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HK firm ensures toy safety with PLM tool

Sheila Lam | May 15, 2012
Toys are fun to play with, but making them is serious business. Hazardous toys from Greater China make great headline-material for US media, so regional toy manufacturers must make extra efforts to ensure that both their materials and finished products are safe.

Toys are fun to play with, but making them is serious business. Hazardous toys from Greater China make great headline-material for US media, so regional toy manufacturers must make extra efforts to ensure that both their materials and finished products are safe.

Hong Kong-based WahShing Toys understands this. The firm recently turned to Oracle's Agile product lifecycle management (PLM) software to keep track of the chemical components in their toy materials.

"Toys are designed for kids and safety is top priority," said Takao Kubo, executive director of the R&D, engineering and QA departments at WahShing Toys. "If our toy designers select materials with components hazardous to health, our business will suffer."

WahShing Toys has 30 years of experience in the toy OEM business. During the past decade, it expanded to include original design manufacturing (ODM). ODM raises the company's competitiveness by helping its customers to design, implement, and source materials from a basic toy idea. But the transformation has brought additional risk.

Navigating a minefield

The company is now responsible and accountable for selecting toy materials. But the process of toy material selection is like a minefield. According to Kubo, every single material of a toy--from electronic circuit-boards to screw sizes--must be carefully selected.

"If the screw size is too small, it might easily fall out and a child might accidentally swallow it," he said. "But if it's too long, it may create sharp edges, which are also hazardous."

Governments from different countries have strengthened their regulatory requirements for toys, on everything from the materials used to component-documentation. Even the dye used for coloring and the oil used for softening the plastic must be listed.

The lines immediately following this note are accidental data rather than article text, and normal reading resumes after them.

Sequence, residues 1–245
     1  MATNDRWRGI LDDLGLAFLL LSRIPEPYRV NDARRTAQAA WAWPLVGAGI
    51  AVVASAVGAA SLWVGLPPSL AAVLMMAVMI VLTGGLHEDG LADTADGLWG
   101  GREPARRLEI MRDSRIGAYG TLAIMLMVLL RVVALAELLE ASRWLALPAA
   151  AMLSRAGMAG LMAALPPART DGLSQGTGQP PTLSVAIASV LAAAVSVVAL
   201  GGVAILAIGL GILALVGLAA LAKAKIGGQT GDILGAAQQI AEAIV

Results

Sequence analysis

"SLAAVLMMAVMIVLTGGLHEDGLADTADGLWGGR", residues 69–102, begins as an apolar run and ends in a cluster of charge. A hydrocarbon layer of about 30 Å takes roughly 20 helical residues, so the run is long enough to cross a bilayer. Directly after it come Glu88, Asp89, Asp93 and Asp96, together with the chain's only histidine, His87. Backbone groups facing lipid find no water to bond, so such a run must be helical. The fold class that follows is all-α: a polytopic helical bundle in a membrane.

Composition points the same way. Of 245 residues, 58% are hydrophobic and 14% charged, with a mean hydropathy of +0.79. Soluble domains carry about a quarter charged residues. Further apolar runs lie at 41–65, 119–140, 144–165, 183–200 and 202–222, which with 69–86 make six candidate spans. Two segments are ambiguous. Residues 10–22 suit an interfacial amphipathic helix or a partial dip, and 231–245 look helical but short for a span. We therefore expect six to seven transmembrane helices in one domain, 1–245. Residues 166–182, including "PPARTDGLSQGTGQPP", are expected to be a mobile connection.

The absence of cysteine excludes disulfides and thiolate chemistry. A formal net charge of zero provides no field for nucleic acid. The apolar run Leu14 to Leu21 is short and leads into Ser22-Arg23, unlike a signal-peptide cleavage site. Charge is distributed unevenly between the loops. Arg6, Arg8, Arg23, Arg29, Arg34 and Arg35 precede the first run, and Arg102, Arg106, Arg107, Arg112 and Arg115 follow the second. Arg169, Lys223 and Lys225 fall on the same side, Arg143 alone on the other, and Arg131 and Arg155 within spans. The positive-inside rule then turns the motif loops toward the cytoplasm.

"We produce and design 600-800 different toys annually and each may consist of as many as 100 different," he said. Further complicating the process, WahShing's three engineering teams (located at different manufacturing sites) hadn't standardized naming conventions.

To make matters worse, engineering teams producing toys from movie characters must sign confidentiality agreements on both the character and the material used. "This further discouraged communication about materials between the engineering teams," said Kubo.

Start with standards

To standardize the toy material definitions, WahShing turned to Oracle's Agile. But engineers were accustomed to listing their toy material specifications on paper. Now they do so electronically, via a selection menu. "It was difficult at first to convince the engineers," said Kubo, "but the team leaders quickly understood the benefit of standardized data and started encouraging their teams to use the system."

But standardization was only part of the project--Kubo said the company also leveraged features in Agile to develop a knowledge database. The database provides information about materials and their components (like the oil), but also keeps track of the product development process.

 

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